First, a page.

You never know for certain, but you may have more to lose by waiting than you could gain.
Mortgage rates, especially those on the standard 30-year fixed-rate loan, tend to be guided by rates on securities like 10-year U.S. Treasury notes. That’s because mortgages are bundled into securities that compete with other fixed-income securities for investors’ dollars.
With 10-year Treasury yields at record lows around 2.36%, the 30-year fixed mortgage ought to be around 3.75 to 4%, according to the Wall Street Journal. Instead, the BankingMyWay.com survey finds they average around 4.3 %.
Mortgage lenders, of course, prefer not to reduce rates if they don’t have to, and right now they don’t. There are plenty of applicants who are eager for new loans at the historically low rates. In fact, the real problem for lenders is not that they can’t find enough applicants, it’s that many applicants don’t qualify for loans under today’s stricter standards.If you’re shopping for a mortgage, what would waiting for a lower rate save? For every $100,000 borrowed, a loan at 4.3% would cost $495 a month, while one at 4% would cost $477, and one at 3.75% just $463.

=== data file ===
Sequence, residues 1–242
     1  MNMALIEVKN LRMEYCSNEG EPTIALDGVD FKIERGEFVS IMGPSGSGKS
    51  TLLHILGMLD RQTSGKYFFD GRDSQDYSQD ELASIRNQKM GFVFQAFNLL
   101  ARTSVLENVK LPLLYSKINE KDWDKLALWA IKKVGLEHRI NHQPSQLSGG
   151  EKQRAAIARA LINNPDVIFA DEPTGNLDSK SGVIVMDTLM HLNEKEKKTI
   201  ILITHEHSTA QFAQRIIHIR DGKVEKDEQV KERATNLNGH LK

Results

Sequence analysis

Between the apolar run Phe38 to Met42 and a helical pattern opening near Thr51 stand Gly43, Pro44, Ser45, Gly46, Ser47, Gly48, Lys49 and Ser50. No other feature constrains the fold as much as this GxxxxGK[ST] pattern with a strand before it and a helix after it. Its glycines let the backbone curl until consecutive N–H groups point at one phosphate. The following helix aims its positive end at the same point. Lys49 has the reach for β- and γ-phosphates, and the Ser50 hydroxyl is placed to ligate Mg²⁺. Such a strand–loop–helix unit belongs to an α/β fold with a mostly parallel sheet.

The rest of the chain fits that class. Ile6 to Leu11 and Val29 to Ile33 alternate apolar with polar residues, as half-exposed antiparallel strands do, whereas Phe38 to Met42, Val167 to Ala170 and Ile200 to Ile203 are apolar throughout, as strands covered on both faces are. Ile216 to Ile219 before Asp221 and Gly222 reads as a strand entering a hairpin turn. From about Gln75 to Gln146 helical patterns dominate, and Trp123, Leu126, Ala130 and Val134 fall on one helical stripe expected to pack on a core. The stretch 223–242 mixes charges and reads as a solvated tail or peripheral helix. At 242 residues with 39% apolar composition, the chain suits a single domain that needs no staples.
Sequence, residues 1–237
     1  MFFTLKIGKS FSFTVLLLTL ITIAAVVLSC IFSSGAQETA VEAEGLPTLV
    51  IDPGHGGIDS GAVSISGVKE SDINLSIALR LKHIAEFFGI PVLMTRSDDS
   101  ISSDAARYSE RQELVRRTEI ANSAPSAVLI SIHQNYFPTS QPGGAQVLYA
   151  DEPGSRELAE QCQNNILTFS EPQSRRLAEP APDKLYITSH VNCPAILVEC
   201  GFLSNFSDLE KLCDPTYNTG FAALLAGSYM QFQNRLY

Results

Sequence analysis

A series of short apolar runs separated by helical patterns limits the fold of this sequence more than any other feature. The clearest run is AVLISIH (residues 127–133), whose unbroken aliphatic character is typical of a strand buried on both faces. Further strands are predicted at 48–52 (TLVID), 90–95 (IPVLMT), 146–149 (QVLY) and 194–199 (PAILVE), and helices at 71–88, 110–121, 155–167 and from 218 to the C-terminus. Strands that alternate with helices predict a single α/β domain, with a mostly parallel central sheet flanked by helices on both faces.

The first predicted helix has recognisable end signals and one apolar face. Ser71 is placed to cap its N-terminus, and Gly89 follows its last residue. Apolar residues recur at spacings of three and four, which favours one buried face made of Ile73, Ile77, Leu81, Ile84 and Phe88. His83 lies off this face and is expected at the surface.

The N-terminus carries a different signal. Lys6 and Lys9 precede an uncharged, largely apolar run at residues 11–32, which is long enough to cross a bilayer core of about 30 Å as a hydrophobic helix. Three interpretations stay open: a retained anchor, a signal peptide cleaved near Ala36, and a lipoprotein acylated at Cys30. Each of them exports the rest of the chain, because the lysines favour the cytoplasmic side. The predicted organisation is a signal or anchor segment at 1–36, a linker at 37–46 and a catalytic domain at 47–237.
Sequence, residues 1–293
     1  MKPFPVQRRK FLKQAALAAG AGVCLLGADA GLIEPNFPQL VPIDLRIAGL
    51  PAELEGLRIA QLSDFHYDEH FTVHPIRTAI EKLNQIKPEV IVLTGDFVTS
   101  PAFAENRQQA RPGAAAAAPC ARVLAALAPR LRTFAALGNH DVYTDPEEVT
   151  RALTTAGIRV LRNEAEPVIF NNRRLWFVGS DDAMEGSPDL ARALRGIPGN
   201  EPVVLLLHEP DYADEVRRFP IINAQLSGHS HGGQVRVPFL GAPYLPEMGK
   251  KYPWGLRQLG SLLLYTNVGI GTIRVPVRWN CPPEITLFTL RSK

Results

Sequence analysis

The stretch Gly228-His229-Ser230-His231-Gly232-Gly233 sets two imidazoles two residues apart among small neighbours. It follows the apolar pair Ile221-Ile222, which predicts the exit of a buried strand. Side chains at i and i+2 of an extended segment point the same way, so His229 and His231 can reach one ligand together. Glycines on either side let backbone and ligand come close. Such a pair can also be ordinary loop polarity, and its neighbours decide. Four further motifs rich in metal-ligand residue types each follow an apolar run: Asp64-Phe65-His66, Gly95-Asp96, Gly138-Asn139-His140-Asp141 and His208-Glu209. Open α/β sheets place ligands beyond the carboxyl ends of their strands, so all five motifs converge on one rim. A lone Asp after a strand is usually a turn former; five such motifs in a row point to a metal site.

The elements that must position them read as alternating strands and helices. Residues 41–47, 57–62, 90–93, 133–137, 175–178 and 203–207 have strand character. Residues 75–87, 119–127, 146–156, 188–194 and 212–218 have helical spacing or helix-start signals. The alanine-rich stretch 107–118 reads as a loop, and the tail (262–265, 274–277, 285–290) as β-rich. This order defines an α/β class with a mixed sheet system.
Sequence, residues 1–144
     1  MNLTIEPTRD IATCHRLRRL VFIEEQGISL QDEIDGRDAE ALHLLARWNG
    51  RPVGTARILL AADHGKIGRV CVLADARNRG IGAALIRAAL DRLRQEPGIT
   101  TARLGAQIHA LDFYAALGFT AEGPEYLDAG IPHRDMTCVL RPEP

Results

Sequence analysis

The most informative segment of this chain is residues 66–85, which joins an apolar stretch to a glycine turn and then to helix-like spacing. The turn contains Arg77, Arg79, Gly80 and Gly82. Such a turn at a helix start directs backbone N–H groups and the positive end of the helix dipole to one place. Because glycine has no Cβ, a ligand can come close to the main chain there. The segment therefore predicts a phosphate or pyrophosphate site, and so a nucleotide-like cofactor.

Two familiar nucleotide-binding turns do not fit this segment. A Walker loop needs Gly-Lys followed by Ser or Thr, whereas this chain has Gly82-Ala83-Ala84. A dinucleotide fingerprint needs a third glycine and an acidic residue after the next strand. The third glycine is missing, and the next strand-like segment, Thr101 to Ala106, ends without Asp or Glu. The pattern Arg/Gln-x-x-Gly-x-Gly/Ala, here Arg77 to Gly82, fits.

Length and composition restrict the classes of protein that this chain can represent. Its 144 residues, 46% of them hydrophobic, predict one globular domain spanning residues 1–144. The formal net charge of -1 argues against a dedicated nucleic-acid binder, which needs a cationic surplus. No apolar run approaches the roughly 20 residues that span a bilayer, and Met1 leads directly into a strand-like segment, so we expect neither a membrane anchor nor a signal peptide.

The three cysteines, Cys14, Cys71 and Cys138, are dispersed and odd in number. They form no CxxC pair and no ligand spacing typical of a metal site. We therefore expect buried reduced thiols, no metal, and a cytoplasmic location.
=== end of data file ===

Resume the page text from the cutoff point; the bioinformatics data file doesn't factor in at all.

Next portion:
That’s a savings, no doubt about it, but rates are already so low that they’re more likely to go up than down. And if you’re in the market to buy a home, there’s always a risk the price would be higher if you wait, or that the perfect home you see today won’t be on the market in a few months.
Under today’s conditions, some practical steps make sense.
First, if you are buying a home, your offer should specify that you are obligated to make the purchase only if you can get a mortgage at or below a given rate. If you set the rate too low you may scare off the seller, who won’t want to take the property off the market for a deal that might not go through. Setting the rate too high could obligate you to take out a loan you don’t want.